Forensic Implications of Metadata in Electronic Files

By Ruhnka, John; Bagby, John W. | The CPA Journal, June 2008 | Go to article overview

Forensic Implications of Metadata in Electronic Files


Ruhnka, John, Bagby, John W., The CPA Journal


In this digital age, most business activities are transacted and recorded using networked information systems. Business and accounting records are prepared, reviewed, audited, and preserved in electronic form, commonly called electronically stored information (ESI). It is estimated that 94% to 99% of all business records are created and maintained in electronic form (National Law Journal, July 17, 2006) and most are never transformed into hard copy. A unique characteristic of electronic records is that they include hidden metadata that comprise extensive information about the creation of a file, including "MAC dates" (the dates a file was modified, accessed, and created), the date last printed, and, if deleted, when it was deleted and by whom. Metadata can also reveal the location of a file on a computer or network, the computer on which it was created, the name of the person who last saved the document, the number of revisions made, and any document ID or properties added to the document E-mails contain metadata that indicates the sender's address book information, the date a message was sent, received, replied to, forwarded, to whom copies were sent, and the existence of attachments.

Metadata has been called "the electronic equivalent of DNA" and it can shed light on the origins, context, authenticity, and distribution of electronic evidence (Craig Ball, Beyond Data about Data: The Litigator's Guide to Metadata 2005). CPAs-especially those involved in forensic accounting and litigation support-should be aware of how metadata is generated by software, and the potential significance of metadata in electronic business records and communications.

Metadata Production, Location, and Access

Metadata can be broadly divided into two categories. Application metadata is automatically created by an application and is embedded in every file created or edited using that software. Operating systems that control individual computers, servers, and other devices create systems metadata, which assigns file allocation table fields (file name, creation, length, and use) to all files stored on the system so that the operating system can identify and locate that file. Systems metadata resides in the system registry of the computer system or server used to access and store that file.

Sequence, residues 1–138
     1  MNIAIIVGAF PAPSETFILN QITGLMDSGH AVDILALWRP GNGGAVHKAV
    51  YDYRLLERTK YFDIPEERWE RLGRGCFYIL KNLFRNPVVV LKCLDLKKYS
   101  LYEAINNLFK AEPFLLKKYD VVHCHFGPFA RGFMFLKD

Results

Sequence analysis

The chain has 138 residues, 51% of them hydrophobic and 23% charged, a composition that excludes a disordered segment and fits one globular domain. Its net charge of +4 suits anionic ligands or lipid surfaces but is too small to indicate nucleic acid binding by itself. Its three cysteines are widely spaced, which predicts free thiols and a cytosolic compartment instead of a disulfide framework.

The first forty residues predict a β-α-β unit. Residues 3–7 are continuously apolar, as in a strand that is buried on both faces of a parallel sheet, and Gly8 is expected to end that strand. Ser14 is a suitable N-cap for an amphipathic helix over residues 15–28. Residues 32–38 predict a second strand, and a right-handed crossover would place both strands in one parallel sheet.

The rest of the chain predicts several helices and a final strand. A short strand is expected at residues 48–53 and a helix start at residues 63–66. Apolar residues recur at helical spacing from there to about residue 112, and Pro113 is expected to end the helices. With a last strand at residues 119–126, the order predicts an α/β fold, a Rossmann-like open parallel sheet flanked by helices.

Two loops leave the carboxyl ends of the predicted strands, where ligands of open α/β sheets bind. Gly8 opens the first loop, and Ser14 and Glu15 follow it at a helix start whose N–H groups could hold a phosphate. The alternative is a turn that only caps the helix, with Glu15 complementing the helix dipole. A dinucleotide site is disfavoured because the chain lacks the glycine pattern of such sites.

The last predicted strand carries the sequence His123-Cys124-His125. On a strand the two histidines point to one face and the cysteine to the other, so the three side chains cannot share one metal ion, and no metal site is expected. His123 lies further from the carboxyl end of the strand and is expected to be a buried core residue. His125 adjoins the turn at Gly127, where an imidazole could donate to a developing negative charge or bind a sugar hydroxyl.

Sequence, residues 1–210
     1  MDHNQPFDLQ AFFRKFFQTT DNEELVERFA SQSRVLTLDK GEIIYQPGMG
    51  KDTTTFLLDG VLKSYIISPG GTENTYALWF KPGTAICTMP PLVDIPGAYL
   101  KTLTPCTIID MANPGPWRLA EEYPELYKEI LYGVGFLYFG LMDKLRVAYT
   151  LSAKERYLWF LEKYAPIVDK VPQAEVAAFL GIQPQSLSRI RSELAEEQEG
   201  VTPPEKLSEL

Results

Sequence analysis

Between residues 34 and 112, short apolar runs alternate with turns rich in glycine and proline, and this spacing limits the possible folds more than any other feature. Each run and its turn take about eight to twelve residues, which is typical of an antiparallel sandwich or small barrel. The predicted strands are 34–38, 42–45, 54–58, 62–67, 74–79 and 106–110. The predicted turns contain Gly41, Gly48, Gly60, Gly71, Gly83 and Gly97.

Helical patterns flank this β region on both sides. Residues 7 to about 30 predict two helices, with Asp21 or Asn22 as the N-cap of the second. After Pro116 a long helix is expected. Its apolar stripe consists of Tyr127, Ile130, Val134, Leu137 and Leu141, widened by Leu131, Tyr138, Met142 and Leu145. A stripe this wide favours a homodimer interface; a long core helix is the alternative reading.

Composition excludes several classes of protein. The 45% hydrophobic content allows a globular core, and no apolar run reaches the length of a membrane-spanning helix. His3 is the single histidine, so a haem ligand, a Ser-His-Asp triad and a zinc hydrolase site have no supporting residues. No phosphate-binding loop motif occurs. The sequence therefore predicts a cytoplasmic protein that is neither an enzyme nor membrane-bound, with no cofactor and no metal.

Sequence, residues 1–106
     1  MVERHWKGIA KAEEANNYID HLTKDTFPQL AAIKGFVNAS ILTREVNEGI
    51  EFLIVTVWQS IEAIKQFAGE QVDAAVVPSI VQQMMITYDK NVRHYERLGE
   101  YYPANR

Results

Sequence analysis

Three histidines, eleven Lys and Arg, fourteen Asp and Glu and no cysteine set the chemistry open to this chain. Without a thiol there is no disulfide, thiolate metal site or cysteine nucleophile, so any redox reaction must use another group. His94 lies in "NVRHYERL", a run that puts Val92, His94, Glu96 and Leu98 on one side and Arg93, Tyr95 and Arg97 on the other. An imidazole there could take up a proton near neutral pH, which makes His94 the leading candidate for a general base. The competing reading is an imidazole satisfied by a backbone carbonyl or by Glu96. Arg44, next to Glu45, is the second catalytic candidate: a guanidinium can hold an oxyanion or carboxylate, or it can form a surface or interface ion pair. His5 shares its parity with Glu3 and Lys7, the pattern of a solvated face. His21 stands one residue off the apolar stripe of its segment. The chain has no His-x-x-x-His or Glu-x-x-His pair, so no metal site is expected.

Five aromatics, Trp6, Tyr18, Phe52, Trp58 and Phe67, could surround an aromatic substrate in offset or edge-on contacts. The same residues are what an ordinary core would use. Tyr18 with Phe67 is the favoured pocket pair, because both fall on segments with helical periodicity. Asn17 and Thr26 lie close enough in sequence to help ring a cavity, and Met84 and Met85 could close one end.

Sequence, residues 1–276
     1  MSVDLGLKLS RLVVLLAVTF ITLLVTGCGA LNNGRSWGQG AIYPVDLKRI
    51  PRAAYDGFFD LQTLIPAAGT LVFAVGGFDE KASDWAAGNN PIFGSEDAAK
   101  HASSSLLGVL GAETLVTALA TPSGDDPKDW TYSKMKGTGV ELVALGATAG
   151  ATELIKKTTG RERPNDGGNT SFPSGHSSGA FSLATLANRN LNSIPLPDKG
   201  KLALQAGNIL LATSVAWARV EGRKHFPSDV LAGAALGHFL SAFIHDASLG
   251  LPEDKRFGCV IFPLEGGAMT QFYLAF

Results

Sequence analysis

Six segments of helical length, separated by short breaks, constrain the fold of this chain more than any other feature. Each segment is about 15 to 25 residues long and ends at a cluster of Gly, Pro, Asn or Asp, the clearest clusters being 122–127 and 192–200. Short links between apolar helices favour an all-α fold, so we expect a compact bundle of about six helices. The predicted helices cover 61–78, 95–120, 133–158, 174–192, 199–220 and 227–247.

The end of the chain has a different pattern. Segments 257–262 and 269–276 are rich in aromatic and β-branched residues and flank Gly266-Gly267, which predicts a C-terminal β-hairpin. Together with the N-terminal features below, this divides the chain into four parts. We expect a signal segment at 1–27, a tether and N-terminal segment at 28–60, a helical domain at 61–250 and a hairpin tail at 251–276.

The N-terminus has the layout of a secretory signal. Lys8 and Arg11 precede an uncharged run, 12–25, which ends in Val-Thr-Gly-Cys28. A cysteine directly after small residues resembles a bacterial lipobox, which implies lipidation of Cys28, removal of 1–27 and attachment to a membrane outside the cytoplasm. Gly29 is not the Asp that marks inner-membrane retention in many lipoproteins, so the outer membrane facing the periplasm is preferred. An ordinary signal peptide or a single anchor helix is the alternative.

Many CPAs use Microsoft Office programs, including Word, Excel, PowerPoint, and Outlook. All of these applications automatically produce dozens of fields (types) of application metadata for each file they create. Application and systems metadata fields are created and updated for Word, Excel, and PowerPoint files each time a file is created, opened, or used, as well as the optional information about changes or versions that a user may intentionally track in a file. Adobe Acrobat software creates detailed metadata path information that can provide forensic information on PDF files.

Significance of Metadata in Litigation

A 2007 survey of litigation activities of 253 U.S. corporations revealed that 83% of respondents had new lawsuits filed against them in 2006 (Fulbright & Jaworski, Fourth Annual Litigation Trends Survey Findings, October 2007). The most common subjects of these lawsuits were labor/employment, contract enforcement, and personal injury. Litigation was also significant at the smaller companies surveyed: 17% had at least one lawsuit claiming $20 million or more, and 98% of mid-sized companies repotted one or more lawsuits of $20 million or larger. After a lawsuit is filed, a pre-trial discovery phase occurs during which the litigants are required to identify and disclose (produce) all information in their possession that is requested by the opposition as potentially relevant to the subject of the litigation. Because most settlements in litigation occur before a trial is held, electronic records and e-mails disclosed and evaluated by the parties during the discovery phase can often determine the outcome.